☆ The Works: Anatomy of a City Ä Download by ☆ Kate Ascher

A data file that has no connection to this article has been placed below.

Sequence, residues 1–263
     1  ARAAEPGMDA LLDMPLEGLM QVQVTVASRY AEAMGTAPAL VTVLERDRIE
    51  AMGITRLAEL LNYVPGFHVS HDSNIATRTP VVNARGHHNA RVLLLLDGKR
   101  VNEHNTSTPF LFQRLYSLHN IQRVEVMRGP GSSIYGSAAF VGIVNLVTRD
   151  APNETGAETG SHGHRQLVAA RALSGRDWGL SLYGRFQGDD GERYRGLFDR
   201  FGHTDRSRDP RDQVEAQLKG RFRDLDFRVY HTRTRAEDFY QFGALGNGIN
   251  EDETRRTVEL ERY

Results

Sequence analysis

☆ The Works: Anatomy of a City Ä Download by ☆ Kate Ascher No quite as amazing as I thought it would be since it does fudge a bit on technical information. I really wanted to love Kate Ascher s The Works Anatomy of a City I was looking forward to turning the pages with fascinated glee like I did as a kid with the anatomy and physiology textbooks and their transparent overlays of all the body s systems I had also hoped it would be something of a companion piece to Alan Weisman s excellent The World Without Us the former illustrating how we keep a city alive, the latter examining what happens when we re not around to do so Though meticulously researched, wonderfully designed, and filled with hundreds of detailed illustrations, The Works, largely failed on all fronts While abound in breadth, it is uniformly lacking in depth While loaded with detail, there is no analysis of any of it While its five sections moving people, moving freight, power, communications, and sanitation are perfectly delineated, ea How Much Do You Really Know About The Systems That Keep A City Alive The Works Anatomy Of A City Contains Everything You Ever Wanted To Know About What Makes New York City Run When You Flick On Your Light Switch The Light Goes On How When You Put Out Your Garbage, Where Does It Go When You Flush Your Toilet, What Happens To The Waste How Does Water Get From A Reservoir In The Mountains To Your City Faucet How Do Flowers Get To Your Corner Store From Holland, Or Bananas Get There From Ecuador Who Is Operating The Traffic Lights All Over The City And What In The World Is That Steam Coming Out From Underneath The Potholes On The Street Across The City Lies A Series Of Extraordinarily Complex And Interconnected Systems Often Invisible, And Wholly Taken For Granted, These Are The Systems That Make Urban Life Possible The Works Anatomy Of A City Offers A Cross Section Of This Hidden Infrastructure, Using Beautiful, Innovative Graphic Images Combined With Short, Clear Text Explanations To Answer All The Questions About The Way Things Work In A Modern City It Describes The Technologies That Keep The City Functioning, As Well As The People Who Support Them The Pilots That Bring The Ships In Over The Narrows Sandbar, The Sandhogs Who Are Currently Digging The Third Water Tunnel Under Manhattan, The Television Engineer Who Scales The Empire State Building S Antenna For Routine Maintenance, The Electrical Wizards Who Maintain The Century Old System That Delivers Power To Subways Did You Know That The Verrazano Narrows Bridge Is So Long, And Its Towers Are So High, That The Builders Had To Take The Curvature Of The Earth S Surface Into Account When Designing It Did You Know That The George Washington Bridge Takes In Approximately Million Per Day In Tolls Did You Know That Retired Subway Cars Travel By Barge To The Mid Atlantic, Where They Are Dumped Overboard To Form Natural Reefs For Fish Or That If The Telecom Cables Under New York Were Strung End To End, They Would Reach From The Earth To The Sun While The Book Uses New York As Its Example, It Has Relevance Well Beyond That City S Boundaries As The Systems That Make New York A Functioning Metropolis Are Similar To Those That Keep The Bright Lights Burning In Big Cities Everywhere The Works Is For Anyone Who Has Ever Stopped Midcrosswalk, Looked At The Rapidly Moving Metropolis Around Them, And Wondered, How Does This All Work Amazing read With as many pictures as words, this book provides an incredibly detailed look into the systems of the city that go unnoticed Ever wonder what those big steel canisters are on NYC sidewalks Or how about why your radiator is knocking This book has all that and much much. I learned a lot about NYC infrastructure Interesting bits There is an abandoned subway station that I get to look at when I go to work each day, now that I know it s there Garbage pickup for residents and businesses are done differently, even though it all goes to the same place The mob used to own the garbage collection for businesses. Rikers Island has a giant composting situation Christmas trees are composted too. The walls of the automobile tunnels under the rivers get scrubbed every few days because they get really gross. Sewage is really gross. Several Manhattan skyscrapers have their own zip codes The Empire State Building is a giant radio antenna Which is a good use for it since it s not a dirigible docking st I absolutely loved this book, but that s not to say I d recommend it to anyone But for a certain type of dilettantish urban studies enthusiast which I very much consider myself to be , this is an excellent and very entertaining read Supremely digestible, pithy and loaded with helpful diagrams and winsome illustrations, Ascher walks us through every little idiosyncrasy, creative solution, and cludgey workaround made custom to show us how New York City ticks If you re someone who wonders how things like subway signaling or waste disposal works and enjoy finding out, or if you re someone who enjoys finding out neat things that you never bothered to wonder about before did you know that the top of the Empire State Building was originally designed to anchor dirigibles , A broad overview of urban infrastructure that suffers from a lack of detail, e. g a description of various bridge types does not explain reasons for using one type over another While New Yorks serves as a good archetype of the modern city, some general exposition in the book, such as discussion of radio wavelengths and power voltage seems too generalized and unconvincing Suited for a high school age audience, I found myself wanting detail You will find yourself closely examining manhole covers and other features of the urban environment after reading however, with the knowledge of what lies underneath. I found The Works to be an enjoyable read It lives up to its title Imagine an Encyclopedia of the human body with many cut aways showing all of the internal organs using spectacular, 3D CGI diagrams and illustrations in full color This book features plenty of those, and is indeed an unabridged anatomy of a city Author K Ascher than excels in demonstrating her intimate knowledge of how cities operate on a daily basis, using New York as its base.